Q. I recently saw the documentary Planet in Peril, and was horrified to learn that in China many species of bears are caged and subjected to painful (often fatal) methods to extract a kind of bile used in traditional Chinese medicines. Does bear bile actually cure certain ailments? And what kind of effect does the bear bile industry have on the species? – Edith, WA


A. Bear bile has been prized in the traditional Chinese medicine community for thousands of years. It's got a reputation as being a sort of wonder drug, and its active ingredient, ursodeoxycholic acid (UDCA), is believed to cure a number of ailments —everything from cardiac illness to impotence—according to the Humane Society of the United States. But as an unhappy consequence, more than 10,000 bears are currently held in captivity on bear bile farms in China today, says the Animals Asia Foundation (AAF). 


The good news is that bear bile can be easily replaced with herbal or synthetic alternatives, according to many Chinese practitioners. AAF U.S. Outreach Coordinator Morgan Lance says that there are more than 54 herbal alternatives to bear bile, and that UDCA can be synthesized from slaughterhouse waste or even created without any animal product at all.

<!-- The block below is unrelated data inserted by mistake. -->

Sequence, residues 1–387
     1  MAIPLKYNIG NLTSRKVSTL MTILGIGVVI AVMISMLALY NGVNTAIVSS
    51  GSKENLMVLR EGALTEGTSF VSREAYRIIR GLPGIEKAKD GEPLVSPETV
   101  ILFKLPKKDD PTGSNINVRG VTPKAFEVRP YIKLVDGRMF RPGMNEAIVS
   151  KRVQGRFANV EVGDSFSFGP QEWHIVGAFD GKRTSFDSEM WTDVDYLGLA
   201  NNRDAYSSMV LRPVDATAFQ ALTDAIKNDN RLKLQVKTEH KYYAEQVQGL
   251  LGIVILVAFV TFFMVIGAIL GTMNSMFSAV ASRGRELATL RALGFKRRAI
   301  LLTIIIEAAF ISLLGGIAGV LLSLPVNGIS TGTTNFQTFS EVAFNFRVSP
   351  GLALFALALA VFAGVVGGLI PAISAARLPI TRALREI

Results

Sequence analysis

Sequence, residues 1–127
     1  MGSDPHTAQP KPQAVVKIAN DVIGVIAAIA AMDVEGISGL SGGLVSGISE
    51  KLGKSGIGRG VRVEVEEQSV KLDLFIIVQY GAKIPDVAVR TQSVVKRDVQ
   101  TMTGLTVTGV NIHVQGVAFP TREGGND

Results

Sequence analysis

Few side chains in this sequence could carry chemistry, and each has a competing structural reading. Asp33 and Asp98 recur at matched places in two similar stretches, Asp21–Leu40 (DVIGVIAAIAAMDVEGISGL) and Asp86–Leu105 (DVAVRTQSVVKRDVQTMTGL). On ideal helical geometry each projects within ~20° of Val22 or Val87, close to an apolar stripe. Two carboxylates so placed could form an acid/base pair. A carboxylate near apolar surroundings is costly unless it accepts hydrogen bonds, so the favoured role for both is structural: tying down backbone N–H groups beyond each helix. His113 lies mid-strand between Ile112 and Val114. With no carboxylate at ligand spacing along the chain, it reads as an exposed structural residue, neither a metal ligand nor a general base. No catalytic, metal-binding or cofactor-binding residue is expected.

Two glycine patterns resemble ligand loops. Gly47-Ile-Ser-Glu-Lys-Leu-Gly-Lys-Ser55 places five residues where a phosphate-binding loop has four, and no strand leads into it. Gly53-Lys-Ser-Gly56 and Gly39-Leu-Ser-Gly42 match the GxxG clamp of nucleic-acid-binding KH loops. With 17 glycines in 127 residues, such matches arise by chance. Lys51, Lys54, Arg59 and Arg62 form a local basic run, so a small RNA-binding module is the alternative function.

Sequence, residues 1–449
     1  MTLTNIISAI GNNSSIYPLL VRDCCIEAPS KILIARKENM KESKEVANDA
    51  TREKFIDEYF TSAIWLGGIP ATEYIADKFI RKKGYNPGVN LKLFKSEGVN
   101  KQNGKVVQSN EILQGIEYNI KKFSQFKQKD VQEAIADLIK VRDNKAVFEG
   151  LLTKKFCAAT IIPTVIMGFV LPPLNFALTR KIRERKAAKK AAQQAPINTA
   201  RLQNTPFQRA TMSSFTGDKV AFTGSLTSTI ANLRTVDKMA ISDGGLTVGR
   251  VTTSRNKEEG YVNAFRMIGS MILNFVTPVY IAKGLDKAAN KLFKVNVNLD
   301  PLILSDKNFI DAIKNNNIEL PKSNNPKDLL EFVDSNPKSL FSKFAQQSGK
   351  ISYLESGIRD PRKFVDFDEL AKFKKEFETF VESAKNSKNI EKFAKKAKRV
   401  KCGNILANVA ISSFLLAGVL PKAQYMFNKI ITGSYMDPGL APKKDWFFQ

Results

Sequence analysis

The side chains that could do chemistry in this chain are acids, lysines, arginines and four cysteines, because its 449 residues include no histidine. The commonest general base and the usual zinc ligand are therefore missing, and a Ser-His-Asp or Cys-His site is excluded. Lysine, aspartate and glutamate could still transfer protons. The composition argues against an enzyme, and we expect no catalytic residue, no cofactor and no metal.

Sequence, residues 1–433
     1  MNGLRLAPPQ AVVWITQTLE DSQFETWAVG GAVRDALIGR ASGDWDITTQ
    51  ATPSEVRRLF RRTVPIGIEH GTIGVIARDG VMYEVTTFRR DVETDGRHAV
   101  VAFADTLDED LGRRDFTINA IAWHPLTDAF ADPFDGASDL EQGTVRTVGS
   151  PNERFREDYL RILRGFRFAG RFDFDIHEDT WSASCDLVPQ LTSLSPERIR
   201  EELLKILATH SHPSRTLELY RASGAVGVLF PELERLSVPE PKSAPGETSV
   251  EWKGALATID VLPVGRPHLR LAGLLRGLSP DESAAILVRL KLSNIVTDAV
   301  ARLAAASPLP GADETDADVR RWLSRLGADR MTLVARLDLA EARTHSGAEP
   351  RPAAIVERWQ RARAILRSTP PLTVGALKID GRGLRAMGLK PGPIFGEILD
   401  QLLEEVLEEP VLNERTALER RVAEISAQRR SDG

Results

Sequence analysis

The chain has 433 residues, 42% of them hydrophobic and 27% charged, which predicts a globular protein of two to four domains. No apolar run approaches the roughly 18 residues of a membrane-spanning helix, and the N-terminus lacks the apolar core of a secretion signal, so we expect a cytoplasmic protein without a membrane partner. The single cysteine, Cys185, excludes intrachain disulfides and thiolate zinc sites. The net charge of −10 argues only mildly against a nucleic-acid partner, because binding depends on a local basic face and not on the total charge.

In fact, University of Minnesota researchers are looking into using synthetic UDCA for treating Huntington's Disease, and have confirmed that UDCA can be synthesized without the use of animals. What’s more, the American embassy in China says that these alternatives are cheaper than bear-sourced UDCA, and just as effective.  


Animal rights groups like the AAF are currently working to educate people about these alternatives to help end the practice of bile farming, which has contributed to declines in seven different bear species. Since 2000, the Chinese government has closed more than 40 bear farms, and more than 200 rescued animals currently reside at AAF’s Moon Bear Rescue Center near Chengdu in Sichuan Province. A second rescue center recently opened in Vietnam’s Tam Dao Valley. Let’s hope the good news keeps coming. After all, bears are best.


For more info, check out AAF’s website


Story by Jessica A. Knoblauch. This article originally appeared in Plenty in July 2008.

Copyright Environ Press 2008